Total Erythrocyte Count by Hemocytometer
The manual method of RBC count is time consuming and imprecise.
The red blood cell count is important in diagnostic hematology. It permits the
MCV and MCH values to be calculated. The manual method of RBC count is time
consuming and imprecise. The reference method preferred For RBC count is an
At birth the total erythrocyte count varies from 6.5 millions to 7.25 millions per
cubic mm (cu mm). There is steady decline after a few hours and at the end of 15
days to one month there is a small rise to normal adult levels. An increase in total
erythrocyte count is observed in conditions such as
1. hemoconcentration due to burns, cholera etc.
2. in central cyanotic states as seen in chronic heart disease, conditions of
decreased lung function such as emphysema and
3. in polycuthemia.
Decrease in erythrocyte count is observed in
1. old age
2. in pregnancy and in
3. group of diseases classified under anemias
· Male: 4.5 to 6.0 x 106 cells/cu mm (µl).
· Female: 4.0 to 4.5 X 106 cells/cu mm (µl).
1. Double oxalated or EDTA blood or
2. Capillary blood (The specimen need not be a fasting sample)
The blood specimen is diluted 1:200 with the RBC diluting fluid and cells are
counted under high power (40 X objective) by using a counting chamber. The
number of cells in undiluted blood are calculated and reported as the number of red
cells per cu mm (µl) of whole blood.
2.Improved Neubauer Chamber
4.RBC diluting fluid. It is prepared as follows:
• sodium citrate : 3.0 g
• formalin : 1.0 ml
• distilled water to : 100 ml
This solution is table at room temperature (25oC±5oC) for at least one
1. RBC diluting fluid is isotonic with blood hence hemolysis does not take
place. Normal saline also can be used, but it causes slight creation of red
blood cells and allows rouleaux formation.
2. Formalin acts (as a preservative and checks bacterial and fungal growth.
3. Sodium citrate prevents coagulation of blood and provider correct osmotic
1. Mix the anticoagulated blood carefully by swirling the bulb.
2. In the case of capillary blood the lancet stab should be sufficiently deep to
allow free flow of blood. It is drawn quickly in the RBC Pipette
3. Draw blood up to 0.5 mark.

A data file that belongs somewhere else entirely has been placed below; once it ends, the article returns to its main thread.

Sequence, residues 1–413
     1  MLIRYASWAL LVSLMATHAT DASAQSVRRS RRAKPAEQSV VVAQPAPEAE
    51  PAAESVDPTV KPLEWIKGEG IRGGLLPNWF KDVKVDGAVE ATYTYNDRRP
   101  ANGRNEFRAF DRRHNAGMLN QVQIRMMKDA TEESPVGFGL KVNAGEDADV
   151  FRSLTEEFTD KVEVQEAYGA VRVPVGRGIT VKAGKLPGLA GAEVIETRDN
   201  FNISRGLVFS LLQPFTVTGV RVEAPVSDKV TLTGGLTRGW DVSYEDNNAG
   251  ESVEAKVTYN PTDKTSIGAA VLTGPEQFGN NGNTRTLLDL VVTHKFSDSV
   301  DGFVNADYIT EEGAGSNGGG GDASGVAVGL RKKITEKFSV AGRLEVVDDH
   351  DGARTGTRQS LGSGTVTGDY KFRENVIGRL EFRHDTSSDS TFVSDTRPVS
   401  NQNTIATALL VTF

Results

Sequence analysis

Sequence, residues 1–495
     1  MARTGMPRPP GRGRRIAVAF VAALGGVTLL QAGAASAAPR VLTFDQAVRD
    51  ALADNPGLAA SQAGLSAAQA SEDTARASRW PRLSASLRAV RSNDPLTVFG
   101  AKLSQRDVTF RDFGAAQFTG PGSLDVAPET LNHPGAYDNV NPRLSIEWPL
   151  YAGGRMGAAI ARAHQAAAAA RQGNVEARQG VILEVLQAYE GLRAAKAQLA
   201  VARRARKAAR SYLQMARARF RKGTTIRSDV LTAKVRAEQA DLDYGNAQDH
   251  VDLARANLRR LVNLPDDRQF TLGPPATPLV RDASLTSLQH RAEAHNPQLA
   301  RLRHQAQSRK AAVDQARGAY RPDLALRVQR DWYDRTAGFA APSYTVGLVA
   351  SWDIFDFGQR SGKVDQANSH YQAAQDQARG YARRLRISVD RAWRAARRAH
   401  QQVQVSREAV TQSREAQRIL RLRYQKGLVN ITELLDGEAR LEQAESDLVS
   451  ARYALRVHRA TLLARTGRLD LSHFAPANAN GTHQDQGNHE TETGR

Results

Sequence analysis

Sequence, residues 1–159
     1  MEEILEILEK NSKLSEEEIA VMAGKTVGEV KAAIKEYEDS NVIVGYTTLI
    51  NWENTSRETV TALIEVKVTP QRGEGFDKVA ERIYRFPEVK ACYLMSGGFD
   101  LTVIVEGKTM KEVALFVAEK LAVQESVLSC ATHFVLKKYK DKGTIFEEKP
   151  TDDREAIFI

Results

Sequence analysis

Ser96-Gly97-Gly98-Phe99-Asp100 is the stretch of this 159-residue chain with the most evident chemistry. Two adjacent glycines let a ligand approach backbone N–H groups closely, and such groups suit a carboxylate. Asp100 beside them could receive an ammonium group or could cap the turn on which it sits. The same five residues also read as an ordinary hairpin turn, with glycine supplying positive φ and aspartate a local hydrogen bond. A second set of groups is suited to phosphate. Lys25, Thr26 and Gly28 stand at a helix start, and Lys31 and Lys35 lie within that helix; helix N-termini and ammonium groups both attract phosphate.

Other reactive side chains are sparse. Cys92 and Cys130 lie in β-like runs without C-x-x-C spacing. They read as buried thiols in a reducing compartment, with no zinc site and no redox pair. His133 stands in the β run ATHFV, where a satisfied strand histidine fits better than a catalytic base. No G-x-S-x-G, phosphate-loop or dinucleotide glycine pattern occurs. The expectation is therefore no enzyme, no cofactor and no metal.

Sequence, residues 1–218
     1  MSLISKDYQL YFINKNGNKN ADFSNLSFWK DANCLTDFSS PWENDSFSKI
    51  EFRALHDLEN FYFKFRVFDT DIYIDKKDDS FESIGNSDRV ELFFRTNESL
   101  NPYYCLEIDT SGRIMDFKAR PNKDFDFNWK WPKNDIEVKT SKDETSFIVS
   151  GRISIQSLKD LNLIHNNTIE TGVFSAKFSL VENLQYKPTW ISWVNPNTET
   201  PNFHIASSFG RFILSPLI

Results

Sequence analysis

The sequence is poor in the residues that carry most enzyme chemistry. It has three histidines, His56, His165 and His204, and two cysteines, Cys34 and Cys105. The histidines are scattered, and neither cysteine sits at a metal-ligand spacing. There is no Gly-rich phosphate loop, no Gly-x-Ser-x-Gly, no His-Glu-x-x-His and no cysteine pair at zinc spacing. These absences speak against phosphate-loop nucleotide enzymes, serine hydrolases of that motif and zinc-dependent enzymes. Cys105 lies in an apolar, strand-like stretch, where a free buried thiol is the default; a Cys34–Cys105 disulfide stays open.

4. Carefully wipe the excess blood outside the pipette by using cotton or a
5. Draw diluting fluid up to 101 mark.
6. The pipette is rotated rapidly by keeping it horizontal during mixing.
7. After five minutes, by discarding few drops from the pipette and holding it
slightly inclined small volume of the fluid is introduced under the cover s
which is placed on the counting chamber.
8. Allow the cells to settle for 2 to 3 minutes.
9. Place the counting chamber on the stage of the microscope.
10. Switch to low power (10 x ) objective. Adjust light and locate the
large square in the center with 25 small squares.
11. Now switch to high power (40 x ) objective.
12. The red blood cells in the four corner squares and in the center square
(marked in the diagrams as ‘R’) are counted.
13. Use following formulae for the calculation of red blood cells,
• Total red blood cells per liter of blood = RBCs / cu mm (µl) x 10
Or use following formula –
Red cell count (per liter) = [(no. of cell counted) / (volume counted
(µl))] x dilution x 106
· Total red blood cells/cu mm (µl) = [number of red cells counted x
dilution] / [area counted x depth of fluid]
Where (1) Dilution = 1:200 (i.e., 200)
(2) Area counted = 80 / 400 = 1/5 sq.mm
Since cell are counted in 5 bigger squares and such square is
further divided into 16 small squares.
Each small square = 1/400 sq.mm
Hence area of (5 * 16) = 80 such areas = 80/400 sq.mm = 1/5
(3) Depth of fluid = 1/10 mm
(4) Number of red cells counted = N
Hence total red blood cells, cu mm = [(N * 200)] / [(1/5) *
(1/10)] = N * 200 *50 = N * 10,000
For dilution of blood, instead of using an RBC pipette following methodology is
- By using a 20 µl (standardized) pipette, 20 µl of blood is mixed with 4
ml of RBC diluting fluid in a glass test tube (10 x 75 mm). It is mixed
well and then small volume of this fluid is introduced into a counting
- The errors of blood counting by visual means are very considerable due
to the random distribution of the cells in the counting chamber. The
movement of the cells in the chamber during the filling process causes
them to collide and this influences their distribution. The inherent
distribution error can be reduced (a) by counting more cells.
- To confirm specific results, it is better to re peat a count using a second
chamber and pipette than to count double the number of cells in single
filling of the counting chamber.
Sources of Error
Falsely high counts
1. Collection of blood from the area where there is hemoconcentration.
2. Inadequate wiping of the pipette.
3. Improper pipetting of blood as well as the fluid.
4. Improper mixing.
5. Uneven distribution in the counting chamber.
6. Errors in calculations.
Falsely low counts
1. Blood dilution with tissue fluid due to edema or squeezing.
2. Improper pipetting and dilution (when blood drawn is less and if dilution is
above the mark).
3. Dilution of the contents in the pipette by saliva.
4. Uneven distribution of the cells in the counting chamber.
5. Error in calculations.
6. Use of improperly standardized counting chamber and bad adjustment of